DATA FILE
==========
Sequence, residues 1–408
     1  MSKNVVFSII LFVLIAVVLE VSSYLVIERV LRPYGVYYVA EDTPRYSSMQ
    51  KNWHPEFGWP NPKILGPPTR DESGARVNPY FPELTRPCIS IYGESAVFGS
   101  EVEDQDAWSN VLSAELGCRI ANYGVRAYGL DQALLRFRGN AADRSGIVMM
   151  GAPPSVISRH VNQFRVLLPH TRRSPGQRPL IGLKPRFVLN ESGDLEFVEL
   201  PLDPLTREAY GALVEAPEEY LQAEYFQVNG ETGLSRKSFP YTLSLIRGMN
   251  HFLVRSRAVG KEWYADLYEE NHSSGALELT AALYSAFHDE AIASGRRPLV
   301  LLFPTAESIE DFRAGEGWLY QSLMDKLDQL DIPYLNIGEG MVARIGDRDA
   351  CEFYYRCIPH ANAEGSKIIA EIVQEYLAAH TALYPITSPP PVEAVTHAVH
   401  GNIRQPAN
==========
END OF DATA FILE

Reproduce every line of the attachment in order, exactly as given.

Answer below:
Sequence, residues 1–408
     1  MSKNVVFSII LFVLIAVVLE VSSYLVIERV LRPYGVYYVA EDTPRYSSMQ
    51  KNWHPEFGWP NPKILGPPTR DESGARVNPY FPELTRPCIS IYGESAVFGS
   101  EVEDQDAWSN VLSAELGCRI ANYGVRAYGL DQALLRFRGN AADRSGIVMM
   151  GAPPSVISRH VNQFRVLLPH TRRSPGQRPL IGLKPRFVLN ESGDLEFVEL
   201  PLDPLTREAY GALVEAPEEY LQAEYFQVNG ETGLSRKSFP YTLSLIRGMN
   251  HFLVRSRAVG KEWYADLYEE NHSSGALELT AALYSAFHDE AIASGRRPLV
   301  LLFPTAESIE DFRAGEGWLY QSLMDKLDQL DIPYLNIGEG MVARIGDRDA
   351  CEFYYRCIPH ANAEGSKIIA EIVQEYLAAH TALYPITSPP PVEAVTHAVH
   401  GNIRQPAN